Lecture 29
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Lecture 29. It - Patterns. 29.1 Empty it and anticipatory it It may be useful to give a summary of the chief uses of empty it and anticipatory it .

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Lecture 29

Lecture29

It - Patterns


  • 29.1 Empty it and anticipatory it

    It may be useful to give a summary of the chief uses of empty it and anticipatory it.


Empty itEmpty it does not refer to anything, as distinguished from the third person singular, neutral pronoun. It is meaningless and is chiefly used as formal subject in sentences denoting time, place, distance, and atmospheric conditions.


Empty it , as formal subject, also occurs in sentences denoting a general situation, e.g.:It has fared well with him.It was dull when Mary was away.


Empty it also occurs in some idioms where it functions as formal object or prepositional complementation, e.g.:You will catch it for breaking the glasses.Jack has a hard time of it.


2) Anticipatory itanticipatory it commonly occurs in sentences with a nominal clause as subject or object.


The subject/ object clauses is usually shifted to the end of the sentence, leaving the vacancy to be filled in by an anticipatory it. The extraposed subject / object may be a finite clause or a non-finite clause.


For this kind of subject/object, extraposition is more frequent than its natural position, e.g.:It was not known whether there was gold left in the mine.He made it clear that he didn’t want to speak to me.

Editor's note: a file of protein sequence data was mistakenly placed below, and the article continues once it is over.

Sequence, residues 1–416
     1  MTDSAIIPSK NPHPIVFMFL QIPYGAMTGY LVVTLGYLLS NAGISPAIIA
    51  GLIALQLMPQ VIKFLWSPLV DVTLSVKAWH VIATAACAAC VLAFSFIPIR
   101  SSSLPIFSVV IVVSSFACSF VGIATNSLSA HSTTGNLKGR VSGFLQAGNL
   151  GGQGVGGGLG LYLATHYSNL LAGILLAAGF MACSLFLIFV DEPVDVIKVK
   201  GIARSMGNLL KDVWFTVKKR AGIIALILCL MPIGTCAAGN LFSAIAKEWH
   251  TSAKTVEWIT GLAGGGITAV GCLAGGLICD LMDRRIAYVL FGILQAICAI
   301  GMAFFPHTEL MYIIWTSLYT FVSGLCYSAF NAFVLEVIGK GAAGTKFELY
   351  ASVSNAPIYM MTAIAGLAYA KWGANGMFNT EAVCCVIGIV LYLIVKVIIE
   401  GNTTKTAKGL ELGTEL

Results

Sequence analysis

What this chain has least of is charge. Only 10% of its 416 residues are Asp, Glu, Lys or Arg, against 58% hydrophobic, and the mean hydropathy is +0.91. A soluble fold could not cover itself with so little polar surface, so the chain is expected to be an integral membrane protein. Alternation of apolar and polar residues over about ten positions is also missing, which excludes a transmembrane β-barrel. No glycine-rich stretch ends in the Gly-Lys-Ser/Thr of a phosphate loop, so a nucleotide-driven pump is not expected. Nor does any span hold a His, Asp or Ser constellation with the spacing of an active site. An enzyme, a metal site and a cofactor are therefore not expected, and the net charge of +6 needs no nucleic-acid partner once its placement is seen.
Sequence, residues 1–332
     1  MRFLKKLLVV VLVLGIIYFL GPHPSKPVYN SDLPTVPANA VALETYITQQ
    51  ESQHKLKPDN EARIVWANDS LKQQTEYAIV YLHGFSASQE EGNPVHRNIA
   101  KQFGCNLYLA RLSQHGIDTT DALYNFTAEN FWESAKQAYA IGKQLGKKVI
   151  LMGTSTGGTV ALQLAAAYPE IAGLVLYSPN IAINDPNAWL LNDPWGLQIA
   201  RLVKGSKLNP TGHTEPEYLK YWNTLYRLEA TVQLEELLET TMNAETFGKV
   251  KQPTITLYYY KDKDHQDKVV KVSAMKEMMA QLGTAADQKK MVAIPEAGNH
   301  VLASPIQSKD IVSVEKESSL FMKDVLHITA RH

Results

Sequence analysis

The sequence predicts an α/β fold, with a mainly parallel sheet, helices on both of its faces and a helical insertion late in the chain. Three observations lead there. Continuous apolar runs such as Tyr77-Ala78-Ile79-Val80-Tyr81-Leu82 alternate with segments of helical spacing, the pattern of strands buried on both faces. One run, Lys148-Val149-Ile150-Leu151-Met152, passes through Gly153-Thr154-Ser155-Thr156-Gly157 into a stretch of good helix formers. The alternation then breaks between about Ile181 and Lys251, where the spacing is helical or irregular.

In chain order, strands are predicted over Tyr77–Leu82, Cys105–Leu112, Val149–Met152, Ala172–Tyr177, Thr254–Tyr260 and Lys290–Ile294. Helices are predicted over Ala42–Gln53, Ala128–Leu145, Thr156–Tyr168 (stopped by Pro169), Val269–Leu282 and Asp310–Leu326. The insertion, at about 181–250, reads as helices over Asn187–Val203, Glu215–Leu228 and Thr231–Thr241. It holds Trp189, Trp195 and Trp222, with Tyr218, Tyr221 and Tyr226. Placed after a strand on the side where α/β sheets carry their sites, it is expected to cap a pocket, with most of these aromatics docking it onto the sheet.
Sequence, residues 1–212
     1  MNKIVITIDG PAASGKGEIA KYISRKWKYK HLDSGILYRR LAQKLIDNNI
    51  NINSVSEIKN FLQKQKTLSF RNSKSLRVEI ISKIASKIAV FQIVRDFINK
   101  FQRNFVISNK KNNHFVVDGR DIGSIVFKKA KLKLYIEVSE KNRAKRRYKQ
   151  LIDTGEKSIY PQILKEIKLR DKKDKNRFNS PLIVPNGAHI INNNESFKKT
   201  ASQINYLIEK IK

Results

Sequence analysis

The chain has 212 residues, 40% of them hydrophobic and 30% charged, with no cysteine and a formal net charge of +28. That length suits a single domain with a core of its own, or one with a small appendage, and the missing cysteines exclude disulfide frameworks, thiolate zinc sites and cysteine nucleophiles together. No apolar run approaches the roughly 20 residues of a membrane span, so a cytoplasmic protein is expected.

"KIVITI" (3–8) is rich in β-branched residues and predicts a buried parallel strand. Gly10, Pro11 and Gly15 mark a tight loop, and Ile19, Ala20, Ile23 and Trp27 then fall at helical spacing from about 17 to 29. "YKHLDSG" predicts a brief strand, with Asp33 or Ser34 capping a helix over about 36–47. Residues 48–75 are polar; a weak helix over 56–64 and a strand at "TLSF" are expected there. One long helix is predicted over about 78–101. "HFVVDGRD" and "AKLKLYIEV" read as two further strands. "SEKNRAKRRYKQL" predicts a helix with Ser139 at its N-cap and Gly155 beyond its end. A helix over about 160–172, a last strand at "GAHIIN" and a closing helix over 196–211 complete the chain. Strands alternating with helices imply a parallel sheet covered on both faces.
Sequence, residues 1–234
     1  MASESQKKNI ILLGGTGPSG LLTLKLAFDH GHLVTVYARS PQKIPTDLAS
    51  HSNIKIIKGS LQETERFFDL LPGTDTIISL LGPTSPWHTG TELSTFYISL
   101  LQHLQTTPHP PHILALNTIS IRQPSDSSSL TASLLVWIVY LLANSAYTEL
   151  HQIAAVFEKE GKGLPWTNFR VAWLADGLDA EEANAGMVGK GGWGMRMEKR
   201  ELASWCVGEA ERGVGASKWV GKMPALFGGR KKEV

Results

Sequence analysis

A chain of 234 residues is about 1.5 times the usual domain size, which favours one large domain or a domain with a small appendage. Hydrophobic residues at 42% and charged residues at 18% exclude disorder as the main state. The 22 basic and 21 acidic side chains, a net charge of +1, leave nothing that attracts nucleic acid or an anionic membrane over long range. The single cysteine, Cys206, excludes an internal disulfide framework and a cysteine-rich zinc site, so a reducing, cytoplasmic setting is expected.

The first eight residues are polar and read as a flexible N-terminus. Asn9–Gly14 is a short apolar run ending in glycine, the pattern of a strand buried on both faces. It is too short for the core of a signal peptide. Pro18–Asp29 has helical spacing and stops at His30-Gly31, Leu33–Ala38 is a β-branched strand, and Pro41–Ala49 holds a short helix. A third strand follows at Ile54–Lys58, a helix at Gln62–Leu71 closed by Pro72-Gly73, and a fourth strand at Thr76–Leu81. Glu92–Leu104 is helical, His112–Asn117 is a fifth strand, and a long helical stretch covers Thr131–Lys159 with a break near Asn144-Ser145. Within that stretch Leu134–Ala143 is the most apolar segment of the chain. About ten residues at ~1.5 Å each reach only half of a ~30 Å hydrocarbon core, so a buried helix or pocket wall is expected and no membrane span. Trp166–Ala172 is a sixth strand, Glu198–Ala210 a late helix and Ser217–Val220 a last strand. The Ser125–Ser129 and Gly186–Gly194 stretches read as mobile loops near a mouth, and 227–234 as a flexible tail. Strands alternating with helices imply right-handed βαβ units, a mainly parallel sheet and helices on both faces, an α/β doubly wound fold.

29.2 It as introductory word of cleft sentences frequent than its natural position, e.g.:1) Cleft sentence definedA cleft sentence is an emphatic construction with non0referring it as formal subject.


The general pattern of a cleft sentence is as follows it be focal element that who clause
The general pattern of a cleft sentence is as follows: frequent than its natural position, e.g.:It + be + focal element + that/ who-clause



Generally speaking, except the predicator, almost all the elements of a statement can be singled out as the focal element .


The predicator may be a simple form of the verb be; it may also be a complex verb phrase with a form of the verb be as headword:It was then that he gave her a bag.It might have been then that he gave her a bag.


There are restrictions on the use of subject complement as focal element, but in the case of object complement, there is no such restriction, e.g.:He is intelligent.*It is intelligent that he is.


2) Introductory it in cleft sentence vs. anticipatory it focal element, but in the case of object complement, there is no such restriction, e.g.:The introductory it of a cleft sentence is functionally different from an anticipatory it: the introductory it does not stand for any extraposed subject, while an anticipatory it does.


3)Pseudo-cleft sentences focal element, but in the case of object complement, there is no such restriction, e.g.:If we want to spotlight the verb phrase, we will have to use what is called “pseudo-cleft sentence”.


I gave her a handbag. focal element, but in the case of object complement, there is no such restriction, e.g.:What I did was (to) give her a handbag.He will be taking a plane to Beijing.What he will be doing is taking a plane to Beijing.He has given her a handbag.What he has done is to give / give / given her a handbag.


Another type is composed of “what clause + be + noun phrase”:what he gave her was a handbag.A handbag was what he gave her.


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